At best, there was a resigned sigh over this remote wipe out. Just think of the delicious secrets we could have learned! (None.)

But we did learn the tastiest secret of all! Apple has remote control over iPhones. This includes the iPhone that you bought, that you supposedly own, on which contains a wealth of your personal information.

If Apple can wipe out data remotely, it is not a stretch to suggest that they could capture data remotely. Your data. This includes those special pictures you have. Many apps already communicate your actions to ad servers or other third parties.

The numbers you called, how long you talked, and even where you were when you made the calls was already known by AT&T, iPhone’s exclusive carrier.

All cell phone carriers have already worked with police in revealing call records. And it must be admitted that these relationships have been useful in apprehending and convicting criminals.

Cell phone calls used to be open for all to hear until Congress passed a law banning sale of equipment that could tune into the relevant frequencies (a silly law, like most: any radioman can overcome this, and now technology has changed so that calls themselves are not sent in “in the clear”). And, of course, it is no stretch to imagine that cell phones can be engineered to transmit surreptitiously, and thus be turned into bugs.

Switch to Amazon and its Kindle. Everybody by now knows that in July 2009, Amazon remotely wiped out copies of Orwell’s 1984 from all Kindles. Why they did it is not interesting (a contract dispute), but what is is that they could do it.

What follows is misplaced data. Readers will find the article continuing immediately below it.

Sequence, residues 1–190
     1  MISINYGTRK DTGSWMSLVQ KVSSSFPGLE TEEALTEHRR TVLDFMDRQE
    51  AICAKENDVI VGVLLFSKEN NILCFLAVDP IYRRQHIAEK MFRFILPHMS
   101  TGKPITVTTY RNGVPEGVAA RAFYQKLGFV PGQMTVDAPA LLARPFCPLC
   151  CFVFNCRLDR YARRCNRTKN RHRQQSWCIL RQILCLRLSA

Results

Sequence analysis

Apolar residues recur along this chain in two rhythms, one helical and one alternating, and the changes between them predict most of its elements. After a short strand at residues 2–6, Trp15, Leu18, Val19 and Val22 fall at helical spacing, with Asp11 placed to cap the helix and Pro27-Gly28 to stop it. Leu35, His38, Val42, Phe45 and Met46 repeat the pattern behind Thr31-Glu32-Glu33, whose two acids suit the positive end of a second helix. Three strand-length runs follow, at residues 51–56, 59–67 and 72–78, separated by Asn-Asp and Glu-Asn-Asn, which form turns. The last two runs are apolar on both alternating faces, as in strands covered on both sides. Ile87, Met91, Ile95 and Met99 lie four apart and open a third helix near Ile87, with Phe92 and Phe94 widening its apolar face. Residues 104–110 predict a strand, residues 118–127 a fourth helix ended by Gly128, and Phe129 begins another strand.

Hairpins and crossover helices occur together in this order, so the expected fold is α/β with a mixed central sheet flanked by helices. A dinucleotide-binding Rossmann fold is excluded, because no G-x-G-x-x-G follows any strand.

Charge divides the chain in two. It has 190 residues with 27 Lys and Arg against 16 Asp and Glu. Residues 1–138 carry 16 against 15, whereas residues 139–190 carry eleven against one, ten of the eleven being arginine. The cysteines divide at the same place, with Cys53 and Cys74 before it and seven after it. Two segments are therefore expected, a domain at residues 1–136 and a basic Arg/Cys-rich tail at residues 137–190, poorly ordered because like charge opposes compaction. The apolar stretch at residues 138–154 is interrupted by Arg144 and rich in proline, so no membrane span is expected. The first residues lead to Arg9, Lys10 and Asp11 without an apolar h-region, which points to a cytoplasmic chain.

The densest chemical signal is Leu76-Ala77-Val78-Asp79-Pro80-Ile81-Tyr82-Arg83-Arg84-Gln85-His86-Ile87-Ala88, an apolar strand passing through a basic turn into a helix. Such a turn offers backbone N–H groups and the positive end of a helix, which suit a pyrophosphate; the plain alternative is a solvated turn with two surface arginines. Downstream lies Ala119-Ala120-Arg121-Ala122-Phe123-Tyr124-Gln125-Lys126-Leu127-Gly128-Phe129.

Many Kindle owners were surprised to learn that they did not own the material stored on their devices, but that they merely licensed it. The Kindles allow users to make annotations on its licensed material. Can Amazon retrieve this information remotely?

Google captures and stores your searches. All the websites you visit know what you’re up to. Email is no more secure than a postcard. You internet carrier has a complete record of the material you downloaded (at the household level, and possibly at the browser level).

Facial recognition software, which has reasonable error rates, is installed in an increasing number of locations.

In short, and obviously, the nature of ownership and privacy has changed. It will continue to do so and not in your favor. Less of what is in your possession will be legally yours, and more of what you do will be available to public scrutiny.

It is about here that the undead argument “Why worry if you have nothing to hide?” is trotted out. If you’re truly an innocent, why care if some government bureaucracy thumbs through your old emails, personal files, and listens in on your calls?

The answer to this is obvious: it is easier than dropping an hammer on your foot for someone to take your actions out of context and insinuate evil motives. It is the full majesty, power, and unlimited resources of the government against pathetic, weak, finite you. Almost any mundane event can be turned into a sinister-sounding plot by a mustache-twisting government lawyer.

Solution? None, really. Restraining the government appears to be beyond our will. And nobody wants to be a, or be accused of being, a Luddite. Practically, you should realize that anything done on-line or over-the-air is public domain.

Once this knowledge is assimilated, will it lead to a more civil society?

April 28, 2010 | 10 Comments

Pajamas Media: The VAT Man Cometh: It Will Happen. How Bad Is It?

Today’s post is at Pajamas Media: “The VAT Man Cometh: It Will Happen. How Bad Is It?

Pajamas Media

I have a ghost of an old song—big band days—hiding in the back of my head into which I know I can insert

    The VAT man’s on his way.

Got it!

The Lullaby of Beltway

Come on along and listen to
The lullaby of Beltway,
The hip horray and ballyhoo,
The lullaby of Beltway.
The rumble of a Harry Reid,
The rattle of Pelosi,
The pols who make us bleed
The Obamas and Hillarys.

Goodnight baby,
Goodnight,
The VAT man’s on his way.
Sleep tight, baby,
Sleep tight,
There goes all our pay.

Listen to the lullaby of old Beltway!

Thanks, as always, to editor David Steinberg at Pajamas.